New Genetic Tricks

New Genetic Tricks January 29, 2019

 

A DNA spiral
It’s scarcely coincidental that, if you scramble my name, “Dan,” you get “DNA.” I’m absolutely saturated with the stuff.    (Wikimedia Commons public domain)

 

The 19 January 2019 issue of The Economist (pages 76-77) contains a very interesting article under the title of Extending the genetic code: Adding new DNA letters make novel proteins possible: One such, a cancer drug, is now in development.”  Here are some of my notes from it, the first two paragraphs being a first attempt (heavily dependent at this stage on the text of the article) to begin writing (and understanding) my own depiction, for use elsewhere, of the nature and function of RNA and DNA:

 

Virtually every terrestrial organism relies on a quartet of genetic bases: A (adenine), C (cytosine), T (thymine), and G (guanine).  These all fit together in pairs inside a molecule of deoxyribonucleic acid, or DNA, a self-replicating material present in nearly all living cells as the main constituent of chromosomes and the carrier of genetic information.  Along its double strands, A matches T and C matches G.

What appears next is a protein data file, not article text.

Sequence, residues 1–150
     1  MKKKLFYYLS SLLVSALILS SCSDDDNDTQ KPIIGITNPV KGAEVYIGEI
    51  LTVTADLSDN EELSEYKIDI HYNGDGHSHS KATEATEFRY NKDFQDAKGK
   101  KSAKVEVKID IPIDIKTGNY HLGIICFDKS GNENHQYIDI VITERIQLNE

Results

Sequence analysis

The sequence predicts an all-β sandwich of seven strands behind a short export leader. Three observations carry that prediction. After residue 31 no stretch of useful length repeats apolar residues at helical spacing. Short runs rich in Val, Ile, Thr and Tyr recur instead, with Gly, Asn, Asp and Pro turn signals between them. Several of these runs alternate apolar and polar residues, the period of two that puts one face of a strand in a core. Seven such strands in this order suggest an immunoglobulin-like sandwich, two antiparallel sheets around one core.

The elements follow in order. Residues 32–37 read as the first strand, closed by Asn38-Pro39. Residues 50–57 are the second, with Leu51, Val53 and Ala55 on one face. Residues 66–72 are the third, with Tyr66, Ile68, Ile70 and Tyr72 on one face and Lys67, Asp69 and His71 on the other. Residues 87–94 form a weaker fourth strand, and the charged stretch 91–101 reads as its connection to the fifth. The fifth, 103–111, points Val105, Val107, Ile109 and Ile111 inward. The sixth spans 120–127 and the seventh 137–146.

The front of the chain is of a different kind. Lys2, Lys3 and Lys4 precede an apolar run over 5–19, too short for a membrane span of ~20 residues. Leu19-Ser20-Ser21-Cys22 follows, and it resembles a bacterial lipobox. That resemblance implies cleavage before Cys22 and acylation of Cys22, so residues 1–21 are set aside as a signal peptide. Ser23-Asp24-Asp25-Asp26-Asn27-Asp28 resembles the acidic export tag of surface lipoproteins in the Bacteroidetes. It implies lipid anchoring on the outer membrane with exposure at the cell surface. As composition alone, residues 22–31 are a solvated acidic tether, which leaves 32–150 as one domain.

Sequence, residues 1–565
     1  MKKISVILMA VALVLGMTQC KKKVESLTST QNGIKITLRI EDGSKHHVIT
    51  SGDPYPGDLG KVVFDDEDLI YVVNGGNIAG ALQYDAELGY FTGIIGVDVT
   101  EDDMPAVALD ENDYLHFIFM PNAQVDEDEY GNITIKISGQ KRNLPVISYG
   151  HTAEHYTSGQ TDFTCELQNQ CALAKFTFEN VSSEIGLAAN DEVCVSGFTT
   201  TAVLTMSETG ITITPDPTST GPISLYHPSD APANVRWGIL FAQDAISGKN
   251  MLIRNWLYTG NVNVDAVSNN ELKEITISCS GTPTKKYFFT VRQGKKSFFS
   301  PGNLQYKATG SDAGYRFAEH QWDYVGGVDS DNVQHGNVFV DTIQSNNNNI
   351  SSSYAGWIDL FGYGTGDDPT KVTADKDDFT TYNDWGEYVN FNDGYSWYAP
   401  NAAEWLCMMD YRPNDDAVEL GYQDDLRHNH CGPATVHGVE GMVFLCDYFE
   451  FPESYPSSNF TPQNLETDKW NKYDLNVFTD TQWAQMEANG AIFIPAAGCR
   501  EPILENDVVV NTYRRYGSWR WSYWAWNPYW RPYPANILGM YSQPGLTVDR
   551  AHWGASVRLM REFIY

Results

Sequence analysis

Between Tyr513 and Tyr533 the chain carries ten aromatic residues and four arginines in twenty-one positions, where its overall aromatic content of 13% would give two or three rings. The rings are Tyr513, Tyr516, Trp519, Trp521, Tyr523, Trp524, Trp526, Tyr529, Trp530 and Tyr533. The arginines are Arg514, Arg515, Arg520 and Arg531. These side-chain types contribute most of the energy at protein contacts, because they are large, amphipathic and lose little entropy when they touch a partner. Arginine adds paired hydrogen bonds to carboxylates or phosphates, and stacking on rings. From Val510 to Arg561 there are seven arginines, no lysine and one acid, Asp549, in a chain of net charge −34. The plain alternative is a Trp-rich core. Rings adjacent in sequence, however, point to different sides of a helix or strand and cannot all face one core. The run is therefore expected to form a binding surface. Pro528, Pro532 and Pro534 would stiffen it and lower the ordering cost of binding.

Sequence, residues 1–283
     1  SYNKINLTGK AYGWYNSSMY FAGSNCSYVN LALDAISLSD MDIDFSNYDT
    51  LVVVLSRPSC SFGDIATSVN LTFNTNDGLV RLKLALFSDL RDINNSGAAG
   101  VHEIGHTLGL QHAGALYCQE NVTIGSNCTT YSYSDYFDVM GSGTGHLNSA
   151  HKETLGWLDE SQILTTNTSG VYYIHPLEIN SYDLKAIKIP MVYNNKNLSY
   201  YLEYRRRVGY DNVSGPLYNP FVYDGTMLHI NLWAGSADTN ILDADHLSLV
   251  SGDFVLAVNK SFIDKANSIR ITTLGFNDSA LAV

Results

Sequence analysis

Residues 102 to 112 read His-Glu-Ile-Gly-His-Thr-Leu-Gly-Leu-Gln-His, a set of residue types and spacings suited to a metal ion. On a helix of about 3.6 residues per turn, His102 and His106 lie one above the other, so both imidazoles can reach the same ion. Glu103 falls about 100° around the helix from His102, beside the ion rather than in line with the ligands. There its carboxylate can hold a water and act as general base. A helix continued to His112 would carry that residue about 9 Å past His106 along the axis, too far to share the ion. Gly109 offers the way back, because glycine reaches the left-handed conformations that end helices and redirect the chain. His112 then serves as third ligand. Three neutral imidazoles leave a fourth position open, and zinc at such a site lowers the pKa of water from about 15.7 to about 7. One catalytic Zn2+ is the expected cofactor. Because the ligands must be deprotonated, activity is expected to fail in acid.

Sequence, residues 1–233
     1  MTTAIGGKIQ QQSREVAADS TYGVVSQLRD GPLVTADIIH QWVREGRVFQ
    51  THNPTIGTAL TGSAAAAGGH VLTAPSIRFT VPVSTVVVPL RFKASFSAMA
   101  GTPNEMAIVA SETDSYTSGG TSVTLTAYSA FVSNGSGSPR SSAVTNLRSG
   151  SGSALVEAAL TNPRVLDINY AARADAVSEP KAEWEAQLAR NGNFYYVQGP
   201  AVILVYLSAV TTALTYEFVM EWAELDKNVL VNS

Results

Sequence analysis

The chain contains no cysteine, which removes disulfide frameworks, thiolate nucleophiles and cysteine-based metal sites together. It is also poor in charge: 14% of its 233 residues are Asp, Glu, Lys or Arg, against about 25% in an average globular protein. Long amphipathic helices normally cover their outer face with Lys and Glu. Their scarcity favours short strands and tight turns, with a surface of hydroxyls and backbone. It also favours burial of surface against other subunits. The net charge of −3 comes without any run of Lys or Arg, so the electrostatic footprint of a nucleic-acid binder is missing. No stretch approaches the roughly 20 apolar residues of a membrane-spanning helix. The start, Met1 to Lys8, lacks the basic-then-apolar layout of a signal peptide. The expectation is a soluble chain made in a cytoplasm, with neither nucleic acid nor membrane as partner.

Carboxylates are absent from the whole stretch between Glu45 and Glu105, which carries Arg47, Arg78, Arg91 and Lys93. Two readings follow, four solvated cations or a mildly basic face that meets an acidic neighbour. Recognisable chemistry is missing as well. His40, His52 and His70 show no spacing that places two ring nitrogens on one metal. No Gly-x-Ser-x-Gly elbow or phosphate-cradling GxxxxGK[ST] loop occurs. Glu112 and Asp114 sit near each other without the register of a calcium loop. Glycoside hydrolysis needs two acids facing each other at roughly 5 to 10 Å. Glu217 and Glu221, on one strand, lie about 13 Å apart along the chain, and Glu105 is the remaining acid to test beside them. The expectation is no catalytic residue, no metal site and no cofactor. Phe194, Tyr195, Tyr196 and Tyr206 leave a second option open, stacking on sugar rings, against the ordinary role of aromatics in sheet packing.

In the typical cell, the production of protein operates something like industrial manufacturing.  First, DNA is transcribed into ribonucleic acid (RNA), which is also a string of bases but which is single-stranded rather than a double strand.  The bases of this RNA are then “read,” by a molecular machine called a “ribosome,” in groups of three.  These groups are called “codons.”  Of the 64 possible codons, 61 correspond to one of 20 versions of a type of molecule that’s called an amino acid.  (The other three act as “stop” signals.)  When a ribosome reads a codon, it links it with another molecule carrying the appropriate amino acid, and the resulting amino acid string is a protein.

 

Dr. Floyd Romesberg and his laboratory at Scripps Research in La Jolla, California, have now created a genetic alphabet that uses six chemical letters (A, C, T, G, X, and Y) instead of the normal four.  In principle, at least, the two new letters permit an additional 152 potential codons, atop the already existing 64.

 

What is the point of this?  Dr. Romesberg and his associates hope, first, to improve the effectiveness of the tumor-fighting (but thus far underperforming) drug interleukin-2.  (Read the article to see why.)

 

To steady the nerves of “those who worry about genetically modified organisms escaping from the lap,” the article in The Economist concludes by pointing out that, “Without a steady supply of X and Y, any escapee would not get far in the wild.”

 

 

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